Undoubtedly since you left Pine Mountain you have had any number of interesting experiences, many of which might be valuable to our present seniors and older students. And so we are writing to ask if you won’t share those experiences with us. We know that this information will be helpful both to those of us who are to graduate this coming May and to the rest of us who are always interested in what you are doing.
If you have any suggestions or criticisms about improving life at Pine Mountain, we shall be glad to have them. We are, of course, anxious to do anything which will help the school to accomplish more in the future. Will you, then, write us a good long letter about yourself, including in it the answers to the following questions ?
(1) What is your present address and home address ?
(2) Are you married ? If so, how many children have you ?
(3) How old were you when you graduated from Pine Mountain ?
(4) Did Pine Mountain help you any ? In what ways ?
(5) How could it have helped you more ?
(6) what are you doing now? (If at work, what is the nature of your work ?)
(7) For what company or for whom do you work ?
(8) What salary group are you in, if working, A, B, C, or D?
A is from 0 to 10 dollars per week
B is from 10 to 25 “ “ “
C is from 25 to 50 “ “ “
D is from 50 dollars up
(9) How well do you like your work ? Why ?”
[combs_irene_002.jpg] Page 2 of 2. Continuation of letter with blank questionnaire,
“(10) What do you do in your leisure time ? What are your hobbies ?
(11) If in school, what is your field of major interest ?
(12) What are you training for in the way of a life’s work ?
(13) Would you like to subscribe to a Pine Mountain Alumni Bulletin ?
We will appreciate the fullest possible answers to these questions and any advice or suggestions you may have to oiler to students and staff.
With best wishes for the remainder of the school year and hopes that you may be able to get over this way during the summer, I am
Most sincerely yours,
E. K. Wilson
[combs_irene_003.jpg] Handwritten letter to Mr. E.K. Wilson from Combs, April 1936. She is attending school, studying for a teacher’s certificate. Page1 of 3.
[combs_irene_004.jpg] To Mr. E.K. Wilson from Combs, April 1936, page 2 of 3.
“Pine Mountain helped me in many ways which I could not have obtained from a public school. I had a chance to take a business course which would, no doubt, aid me in securing a position. I greatly enjoyed working in the Glee Club and Choir, and most of all, Pine Mountain gave me a cheap high school education. I was seventeen when I graduated in the class of 1935 and now that I am away I realize how valuable it is and how much I appreciate it. While attending Caney Jr. College, many of the teachers would ask me about Pine Mountain. After answering their questions they too would help me admire it.”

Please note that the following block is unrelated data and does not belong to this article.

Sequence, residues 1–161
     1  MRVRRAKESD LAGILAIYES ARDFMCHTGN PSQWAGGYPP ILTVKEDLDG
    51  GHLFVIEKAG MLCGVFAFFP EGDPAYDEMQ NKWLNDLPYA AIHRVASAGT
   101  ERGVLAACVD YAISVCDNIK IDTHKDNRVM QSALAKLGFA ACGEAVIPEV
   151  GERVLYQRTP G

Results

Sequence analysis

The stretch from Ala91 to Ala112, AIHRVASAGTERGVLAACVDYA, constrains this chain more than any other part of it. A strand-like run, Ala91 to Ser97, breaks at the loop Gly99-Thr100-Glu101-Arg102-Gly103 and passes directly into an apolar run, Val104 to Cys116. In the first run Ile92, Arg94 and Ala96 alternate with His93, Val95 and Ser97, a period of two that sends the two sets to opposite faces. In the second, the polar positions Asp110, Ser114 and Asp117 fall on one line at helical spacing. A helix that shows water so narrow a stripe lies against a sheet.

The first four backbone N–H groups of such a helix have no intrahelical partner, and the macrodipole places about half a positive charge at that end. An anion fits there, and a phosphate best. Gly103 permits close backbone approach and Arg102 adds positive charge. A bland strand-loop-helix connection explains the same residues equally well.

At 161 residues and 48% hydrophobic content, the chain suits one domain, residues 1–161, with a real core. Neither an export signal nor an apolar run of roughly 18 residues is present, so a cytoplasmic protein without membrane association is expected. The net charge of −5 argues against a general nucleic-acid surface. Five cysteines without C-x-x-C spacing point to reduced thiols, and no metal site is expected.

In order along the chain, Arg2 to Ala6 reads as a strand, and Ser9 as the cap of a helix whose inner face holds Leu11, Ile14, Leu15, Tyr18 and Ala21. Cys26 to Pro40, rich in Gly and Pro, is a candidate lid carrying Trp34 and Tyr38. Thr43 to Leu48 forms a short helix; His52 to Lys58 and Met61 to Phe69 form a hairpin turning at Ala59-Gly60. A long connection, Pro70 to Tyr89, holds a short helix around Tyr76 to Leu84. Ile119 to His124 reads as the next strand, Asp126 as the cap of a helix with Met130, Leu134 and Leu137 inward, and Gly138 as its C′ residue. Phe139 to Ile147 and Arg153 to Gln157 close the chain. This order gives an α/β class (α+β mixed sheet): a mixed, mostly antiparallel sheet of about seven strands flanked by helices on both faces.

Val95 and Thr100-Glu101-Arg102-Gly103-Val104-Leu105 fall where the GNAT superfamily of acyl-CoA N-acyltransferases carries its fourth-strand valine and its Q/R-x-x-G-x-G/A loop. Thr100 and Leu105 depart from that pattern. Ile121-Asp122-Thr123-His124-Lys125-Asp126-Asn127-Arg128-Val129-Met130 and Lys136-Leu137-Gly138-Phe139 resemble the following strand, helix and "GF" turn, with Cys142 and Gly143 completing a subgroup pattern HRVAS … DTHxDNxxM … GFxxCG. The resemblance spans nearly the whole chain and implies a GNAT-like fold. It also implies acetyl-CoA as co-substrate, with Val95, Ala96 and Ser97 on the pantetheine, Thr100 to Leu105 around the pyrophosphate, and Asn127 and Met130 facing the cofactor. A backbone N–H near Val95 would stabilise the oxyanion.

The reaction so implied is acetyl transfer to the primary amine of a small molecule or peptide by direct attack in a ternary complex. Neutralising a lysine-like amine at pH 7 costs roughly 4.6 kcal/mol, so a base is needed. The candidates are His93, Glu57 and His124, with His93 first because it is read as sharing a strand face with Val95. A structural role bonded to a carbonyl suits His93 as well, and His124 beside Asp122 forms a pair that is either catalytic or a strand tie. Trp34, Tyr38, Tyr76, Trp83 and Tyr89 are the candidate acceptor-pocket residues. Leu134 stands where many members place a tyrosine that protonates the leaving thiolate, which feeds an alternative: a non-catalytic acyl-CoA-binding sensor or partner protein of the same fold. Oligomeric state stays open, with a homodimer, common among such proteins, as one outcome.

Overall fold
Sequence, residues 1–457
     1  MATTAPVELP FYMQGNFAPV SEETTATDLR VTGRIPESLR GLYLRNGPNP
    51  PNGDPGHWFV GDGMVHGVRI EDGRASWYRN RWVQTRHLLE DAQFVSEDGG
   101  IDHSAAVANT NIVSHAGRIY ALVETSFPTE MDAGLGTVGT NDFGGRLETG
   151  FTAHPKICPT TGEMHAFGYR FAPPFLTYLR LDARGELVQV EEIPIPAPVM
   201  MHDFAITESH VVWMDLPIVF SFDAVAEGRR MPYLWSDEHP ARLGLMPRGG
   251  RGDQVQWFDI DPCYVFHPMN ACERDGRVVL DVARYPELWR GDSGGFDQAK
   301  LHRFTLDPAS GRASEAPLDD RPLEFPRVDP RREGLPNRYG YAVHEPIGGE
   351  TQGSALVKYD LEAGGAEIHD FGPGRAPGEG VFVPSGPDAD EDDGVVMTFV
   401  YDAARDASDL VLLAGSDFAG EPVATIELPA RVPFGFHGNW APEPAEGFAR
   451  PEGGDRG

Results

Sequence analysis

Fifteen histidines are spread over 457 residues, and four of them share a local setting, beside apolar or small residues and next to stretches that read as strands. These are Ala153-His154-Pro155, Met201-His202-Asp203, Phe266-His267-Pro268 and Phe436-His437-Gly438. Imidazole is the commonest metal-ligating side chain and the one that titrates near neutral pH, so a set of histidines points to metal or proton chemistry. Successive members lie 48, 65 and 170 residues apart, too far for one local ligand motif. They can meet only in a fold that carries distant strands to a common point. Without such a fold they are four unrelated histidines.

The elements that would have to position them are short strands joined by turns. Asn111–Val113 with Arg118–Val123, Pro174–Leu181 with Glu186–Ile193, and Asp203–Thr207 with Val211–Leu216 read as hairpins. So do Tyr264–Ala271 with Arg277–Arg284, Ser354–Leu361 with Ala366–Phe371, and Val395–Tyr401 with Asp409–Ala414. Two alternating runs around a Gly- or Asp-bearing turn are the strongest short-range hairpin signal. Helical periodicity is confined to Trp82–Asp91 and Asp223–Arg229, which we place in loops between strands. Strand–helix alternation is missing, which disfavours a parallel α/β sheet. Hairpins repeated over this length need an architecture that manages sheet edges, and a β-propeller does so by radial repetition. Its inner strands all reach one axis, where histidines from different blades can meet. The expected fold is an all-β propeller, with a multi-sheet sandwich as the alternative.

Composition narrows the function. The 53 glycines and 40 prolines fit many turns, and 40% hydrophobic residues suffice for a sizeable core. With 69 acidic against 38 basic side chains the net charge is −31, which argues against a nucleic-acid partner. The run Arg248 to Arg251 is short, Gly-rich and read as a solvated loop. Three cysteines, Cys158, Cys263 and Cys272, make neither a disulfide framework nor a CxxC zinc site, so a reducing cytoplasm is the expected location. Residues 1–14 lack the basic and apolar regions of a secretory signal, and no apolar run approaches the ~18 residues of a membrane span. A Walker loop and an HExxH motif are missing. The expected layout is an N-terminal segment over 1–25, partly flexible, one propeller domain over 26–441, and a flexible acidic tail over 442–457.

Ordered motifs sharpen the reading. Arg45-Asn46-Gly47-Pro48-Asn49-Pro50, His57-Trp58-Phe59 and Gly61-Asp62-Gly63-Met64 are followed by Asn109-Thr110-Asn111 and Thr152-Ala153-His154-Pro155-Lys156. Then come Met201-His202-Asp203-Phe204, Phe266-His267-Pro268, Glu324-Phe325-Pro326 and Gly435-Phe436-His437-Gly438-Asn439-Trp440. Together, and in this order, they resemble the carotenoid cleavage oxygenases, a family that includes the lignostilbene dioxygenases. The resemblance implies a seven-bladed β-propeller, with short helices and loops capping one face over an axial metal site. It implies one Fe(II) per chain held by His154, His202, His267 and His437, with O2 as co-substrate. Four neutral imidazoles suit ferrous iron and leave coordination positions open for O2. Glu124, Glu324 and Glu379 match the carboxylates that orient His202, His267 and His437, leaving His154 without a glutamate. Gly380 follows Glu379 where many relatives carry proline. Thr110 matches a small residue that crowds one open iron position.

[combs_irene_005.jpg] To Mr. E.K. Wilson From Combs, April 1936, page 3 of 3. “At present, I can’t possibly think of any suggestions or criticisms that might help to improve life at Pine Mountain. All that I can seem to do is idealize it and wish that I again could be with you all.”
[combs_irene_006.jpg] Carbon copy of typewritten 1-page letter to Irene Combs from E.K. Wilson, April 27, 1936. Wilson thanks Combs for her letter and encourages her studies at Caney Jr. College for a teacher’s certificate. Describes plans for an alumni bulletin.
MEGAN CORNETT (Student 1928-1929)
[cornett_megan001.jpg] Typewritten answers on questionnaire, n.d. Married with one child; lives and works on a farm.
How has Pine Mountain helped you? “Social, educational, different nature of people, and in my manual training, mechanics, electrical, carpenter & plumbing.”
What were faults with Pine Mountain? “Too strict. Caused the students to take every chance that they got for privilege and to do things that they wouldn’t have done.”
How could Pine Mountain have helped you more? “Just have had me to do more.”
Should you have had more book learning or more Industrial work? “Industrial.”
Other criticism or suggestions: “One fault when I was there was that the Director put too much faith in the workers and punished students when they didn’t deserve to be. Just because that some workers didn’t like some students. That was my EXPERIENCE.
If the Director would have more to do with the students and know them better they would be able to do a more fair job. And not put too much faith in the workers, for they are just human too.” [Penciled notation at bottom of page] “And allow more social privileges but have a moderate limit.”
[cornett_winifred_001.jpg] MISSING IMAGE
[cornett_winifred_002.jpg] Handwritten answers on reverse side of the questionnaire, n.d. “I think that the students should be taught modern dancing as well as other because if they ever get out they [need] it to mix with society. … The students all should be compelled to do some public speaking.” She also suggested that a group of “the most trusty students” should be formed to lecture at assemblies or in the Chapel on the benefits of a Pine Mountain education and act as role models. She concludes, “The students all should be compelled to do some public speaking. …”
GREENE ESTEP (Student 1927-1932)
[estep_greene_001.jpg] Handwritten answers on questionnaire. Currently unemployed; not married; lives on a farm.
How has Pine Mountain helped you? “[Pine Mountain] gave me a start toward life in which I couldn’t have got otherwise.”
What were faults with Pine Mountain? “Not enough time for studying. If the students have plenty of time, they haven’t anything to [?] about. … I had too much liberty. I never knew it at that time. I should have put more time in reading.”